Test-dependent sampling design and semi-parametric inference for the ROC curve Public Deposited

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  • March 22, 2019
  • Horton, Bethany Jablonski
    • Affiliation: Gillings School of Global Public Health, Department of Biostatistics
  • The receiver operating characteristic (ROC) curve and area under the ROC curve (AUC) are used to describe the ability of a screening test to discriminate between diseased and non-diseased subjects. As evaluating the true disease status can be costly, researchers can increase study efficiency by allowing selection probabilities to depend on the screening test. We consider a test dependent sampling (TDS) design where TDS inclusion depends on a continuous screening test measure. Disease status is validated only for those in the SRS and TDS components. To improve efficiency, this sampling design incorporates three components: the simple random sample (SRS) component, TDS component, and the un-sampled subjects. We propose semi-parametric empirical likelihood estimators for the AUC, partial AUC, and the covariate-specific ROC curve. First, the AUC estimator allows us to summarize the ability of the screening test to distinguish between diseased and non-diseased subjects. Empirical likelihood methods are used to avoid making distributional assumptions for the screening test variable. Second, the AUC estimator is adapted to estimate partial AUC when a subset of false positive rates is more clinically relevant. Third, the covariate-specific ROC curve is estimated using a binormal model for the screening test variable. Although parametric assumptions are made for the screening test, distributional assumptions are avoided for the covariates by using empirical likelihood methods. This ROC curve estimator allows us to assess the influence covariates have on the accuracy of the diagnostic test. This cost-effective sampling design allows for a more powerful study on the same budget. Efficiency is gained in all three estimators by incorporating information from both the sampled and un-sampled portions of the population.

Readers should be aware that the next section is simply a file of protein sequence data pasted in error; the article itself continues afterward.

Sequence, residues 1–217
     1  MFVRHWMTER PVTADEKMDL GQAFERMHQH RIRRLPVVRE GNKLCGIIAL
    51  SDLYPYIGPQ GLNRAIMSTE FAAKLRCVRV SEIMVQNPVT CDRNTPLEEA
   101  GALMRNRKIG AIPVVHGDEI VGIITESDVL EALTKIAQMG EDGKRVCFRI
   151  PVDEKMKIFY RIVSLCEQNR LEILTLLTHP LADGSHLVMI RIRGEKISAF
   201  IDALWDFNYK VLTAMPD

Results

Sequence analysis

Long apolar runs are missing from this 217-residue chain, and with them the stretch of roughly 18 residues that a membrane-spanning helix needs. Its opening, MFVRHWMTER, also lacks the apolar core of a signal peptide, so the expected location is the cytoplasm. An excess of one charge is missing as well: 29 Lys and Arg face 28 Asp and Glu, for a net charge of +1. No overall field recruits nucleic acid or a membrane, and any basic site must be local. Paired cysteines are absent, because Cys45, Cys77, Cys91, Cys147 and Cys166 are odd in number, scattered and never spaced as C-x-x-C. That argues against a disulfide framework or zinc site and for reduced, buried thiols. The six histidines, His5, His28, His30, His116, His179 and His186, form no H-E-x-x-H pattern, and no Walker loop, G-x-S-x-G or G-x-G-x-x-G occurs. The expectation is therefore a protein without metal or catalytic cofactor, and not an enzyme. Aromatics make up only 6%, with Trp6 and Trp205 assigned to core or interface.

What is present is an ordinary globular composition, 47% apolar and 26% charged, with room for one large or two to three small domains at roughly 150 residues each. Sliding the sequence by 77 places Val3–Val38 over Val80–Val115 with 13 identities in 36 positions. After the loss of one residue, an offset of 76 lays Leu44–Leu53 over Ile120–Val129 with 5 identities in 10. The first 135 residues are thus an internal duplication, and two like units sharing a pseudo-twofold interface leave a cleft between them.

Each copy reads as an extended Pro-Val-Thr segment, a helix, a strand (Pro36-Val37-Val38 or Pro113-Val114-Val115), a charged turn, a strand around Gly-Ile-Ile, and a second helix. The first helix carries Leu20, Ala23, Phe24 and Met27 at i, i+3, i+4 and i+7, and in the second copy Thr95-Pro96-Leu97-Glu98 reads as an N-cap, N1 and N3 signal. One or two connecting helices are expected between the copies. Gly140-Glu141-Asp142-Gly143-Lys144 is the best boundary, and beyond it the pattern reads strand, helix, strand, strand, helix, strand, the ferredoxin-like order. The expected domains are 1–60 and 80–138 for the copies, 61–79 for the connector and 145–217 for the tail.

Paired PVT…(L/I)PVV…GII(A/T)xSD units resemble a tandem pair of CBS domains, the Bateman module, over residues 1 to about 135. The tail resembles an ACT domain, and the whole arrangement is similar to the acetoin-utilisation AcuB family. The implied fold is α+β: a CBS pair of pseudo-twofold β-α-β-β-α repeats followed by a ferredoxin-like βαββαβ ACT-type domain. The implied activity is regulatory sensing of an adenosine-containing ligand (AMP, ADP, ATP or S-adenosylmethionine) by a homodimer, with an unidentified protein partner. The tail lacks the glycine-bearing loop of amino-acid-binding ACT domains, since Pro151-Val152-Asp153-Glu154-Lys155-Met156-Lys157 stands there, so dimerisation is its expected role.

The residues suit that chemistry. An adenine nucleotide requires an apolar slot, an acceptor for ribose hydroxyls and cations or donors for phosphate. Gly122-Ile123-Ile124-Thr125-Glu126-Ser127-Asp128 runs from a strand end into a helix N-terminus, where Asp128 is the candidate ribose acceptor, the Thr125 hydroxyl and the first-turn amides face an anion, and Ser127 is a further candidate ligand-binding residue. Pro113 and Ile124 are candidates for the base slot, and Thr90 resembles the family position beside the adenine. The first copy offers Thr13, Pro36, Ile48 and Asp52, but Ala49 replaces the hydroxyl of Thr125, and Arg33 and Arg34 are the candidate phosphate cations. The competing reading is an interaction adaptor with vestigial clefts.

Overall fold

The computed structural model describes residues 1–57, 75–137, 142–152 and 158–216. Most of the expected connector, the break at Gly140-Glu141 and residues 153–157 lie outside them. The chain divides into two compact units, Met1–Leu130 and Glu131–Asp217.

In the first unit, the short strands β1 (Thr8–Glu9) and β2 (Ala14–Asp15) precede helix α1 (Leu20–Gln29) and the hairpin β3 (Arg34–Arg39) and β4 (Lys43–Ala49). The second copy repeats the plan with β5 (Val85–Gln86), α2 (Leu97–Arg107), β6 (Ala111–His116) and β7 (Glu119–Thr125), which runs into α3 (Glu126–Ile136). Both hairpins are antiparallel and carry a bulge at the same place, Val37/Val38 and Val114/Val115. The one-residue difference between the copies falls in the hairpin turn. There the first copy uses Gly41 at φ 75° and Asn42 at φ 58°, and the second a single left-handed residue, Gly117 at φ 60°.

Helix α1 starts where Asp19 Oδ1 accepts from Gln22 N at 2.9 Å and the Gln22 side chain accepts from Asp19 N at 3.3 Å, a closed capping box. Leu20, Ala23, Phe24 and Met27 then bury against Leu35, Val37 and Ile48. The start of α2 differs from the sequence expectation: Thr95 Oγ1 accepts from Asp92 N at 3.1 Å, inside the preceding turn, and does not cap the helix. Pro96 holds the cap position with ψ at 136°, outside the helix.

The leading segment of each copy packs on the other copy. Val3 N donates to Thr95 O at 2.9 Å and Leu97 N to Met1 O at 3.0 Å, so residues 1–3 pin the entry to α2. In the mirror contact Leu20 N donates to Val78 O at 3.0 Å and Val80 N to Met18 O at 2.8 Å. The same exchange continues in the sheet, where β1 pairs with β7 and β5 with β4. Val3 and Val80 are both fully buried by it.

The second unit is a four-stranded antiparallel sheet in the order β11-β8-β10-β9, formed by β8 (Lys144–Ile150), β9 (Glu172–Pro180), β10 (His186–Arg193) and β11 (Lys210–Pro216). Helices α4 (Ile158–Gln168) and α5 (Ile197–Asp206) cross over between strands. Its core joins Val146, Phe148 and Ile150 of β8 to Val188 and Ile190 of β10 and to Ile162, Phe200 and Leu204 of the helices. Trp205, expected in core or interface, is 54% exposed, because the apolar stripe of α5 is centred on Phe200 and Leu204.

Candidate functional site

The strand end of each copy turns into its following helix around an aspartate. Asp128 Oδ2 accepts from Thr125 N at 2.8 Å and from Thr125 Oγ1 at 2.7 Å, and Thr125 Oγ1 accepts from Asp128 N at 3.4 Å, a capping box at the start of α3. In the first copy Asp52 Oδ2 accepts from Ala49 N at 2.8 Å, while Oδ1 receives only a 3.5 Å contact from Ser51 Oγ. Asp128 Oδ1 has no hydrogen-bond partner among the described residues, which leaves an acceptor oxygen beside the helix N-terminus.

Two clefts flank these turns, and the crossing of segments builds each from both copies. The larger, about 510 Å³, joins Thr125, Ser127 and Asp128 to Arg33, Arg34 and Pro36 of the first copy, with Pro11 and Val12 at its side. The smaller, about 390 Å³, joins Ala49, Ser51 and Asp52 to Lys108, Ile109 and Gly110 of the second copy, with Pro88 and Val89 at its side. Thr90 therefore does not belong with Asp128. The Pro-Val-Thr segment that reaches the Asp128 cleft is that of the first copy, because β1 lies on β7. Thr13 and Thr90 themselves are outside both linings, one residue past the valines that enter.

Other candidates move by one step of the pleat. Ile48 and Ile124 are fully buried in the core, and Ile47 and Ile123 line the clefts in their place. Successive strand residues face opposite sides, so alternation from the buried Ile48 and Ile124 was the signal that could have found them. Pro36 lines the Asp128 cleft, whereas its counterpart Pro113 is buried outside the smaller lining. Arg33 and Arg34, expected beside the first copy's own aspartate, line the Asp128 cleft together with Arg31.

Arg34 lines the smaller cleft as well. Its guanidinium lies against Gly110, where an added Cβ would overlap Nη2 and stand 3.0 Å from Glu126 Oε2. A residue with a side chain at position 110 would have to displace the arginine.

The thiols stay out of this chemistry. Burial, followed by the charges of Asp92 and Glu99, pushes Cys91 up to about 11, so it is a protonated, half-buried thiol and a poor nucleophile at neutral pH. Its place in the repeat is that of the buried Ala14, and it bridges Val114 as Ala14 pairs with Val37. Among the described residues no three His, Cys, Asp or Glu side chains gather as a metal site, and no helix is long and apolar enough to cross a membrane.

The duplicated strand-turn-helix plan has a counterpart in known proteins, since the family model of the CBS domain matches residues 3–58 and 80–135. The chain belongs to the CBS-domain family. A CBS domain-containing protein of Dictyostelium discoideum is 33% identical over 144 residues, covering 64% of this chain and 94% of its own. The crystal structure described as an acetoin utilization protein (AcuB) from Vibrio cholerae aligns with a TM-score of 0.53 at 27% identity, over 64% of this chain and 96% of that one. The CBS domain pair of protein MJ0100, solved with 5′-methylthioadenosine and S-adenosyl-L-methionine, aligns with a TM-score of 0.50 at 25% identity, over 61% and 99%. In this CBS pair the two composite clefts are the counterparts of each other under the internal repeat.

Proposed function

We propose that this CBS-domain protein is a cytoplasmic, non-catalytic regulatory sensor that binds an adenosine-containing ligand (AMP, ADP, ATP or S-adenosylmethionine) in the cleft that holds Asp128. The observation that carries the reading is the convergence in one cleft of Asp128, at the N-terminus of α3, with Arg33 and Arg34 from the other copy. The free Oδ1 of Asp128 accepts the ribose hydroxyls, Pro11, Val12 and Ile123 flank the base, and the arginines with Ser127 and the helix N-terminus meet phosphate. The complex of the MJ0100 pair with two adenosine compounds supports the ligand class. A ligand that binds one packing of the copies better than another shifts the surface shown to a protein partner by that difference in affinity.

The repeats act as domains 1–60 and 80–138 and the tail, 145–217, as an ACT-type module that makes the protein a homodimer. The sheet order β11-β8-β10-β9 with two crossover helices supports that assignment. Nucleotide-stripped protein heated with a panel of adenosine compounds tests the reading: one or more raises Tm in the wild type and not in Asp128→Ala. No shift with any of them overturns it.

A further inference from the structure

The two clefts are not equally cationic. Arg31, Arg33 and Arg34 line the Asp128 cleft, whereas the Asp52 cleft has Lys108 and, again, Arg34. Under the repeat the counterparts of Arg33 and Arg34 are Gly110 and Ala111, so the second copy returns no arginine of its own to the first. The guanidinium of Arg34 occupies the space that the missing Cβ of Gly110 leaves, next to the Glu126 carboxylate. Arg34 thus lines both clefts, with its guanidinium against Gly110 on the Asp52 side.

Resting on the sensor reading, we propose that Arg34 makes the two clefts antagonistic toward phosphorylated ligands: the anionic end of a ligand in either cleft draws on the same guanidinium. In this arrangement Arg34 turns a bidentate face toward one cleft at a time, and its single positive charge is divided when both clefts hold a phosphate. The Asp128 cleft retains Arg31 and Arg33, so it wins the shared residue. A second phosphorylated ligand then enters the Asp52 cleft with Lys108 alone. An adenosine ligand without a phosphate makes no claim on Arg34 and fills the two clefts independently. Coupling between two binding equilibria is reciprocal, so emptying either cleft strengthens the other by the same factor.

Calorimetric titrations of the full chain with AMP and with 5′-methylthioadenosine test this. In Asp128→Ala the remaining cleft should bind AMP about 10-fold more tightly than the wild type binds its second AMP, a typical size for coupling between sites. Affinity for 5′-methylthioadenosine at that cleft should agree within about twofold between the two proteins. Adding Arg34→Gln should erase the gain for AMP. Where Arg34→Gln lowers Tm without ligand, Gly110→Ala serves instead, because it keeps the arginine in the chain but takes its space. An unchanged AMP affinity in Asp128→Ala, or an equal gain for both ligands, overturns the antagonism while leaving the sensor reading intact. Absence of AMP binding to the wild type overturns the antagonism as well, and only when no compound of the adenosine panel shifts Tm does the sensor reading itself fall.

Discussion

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Rights statement
  • In Copyright
  • Zhou, Haibo
  • Doctor of Philosophy
Degree granting institution
  • University of North Carolina at Chapel Hill
Graduation year
  • 2014

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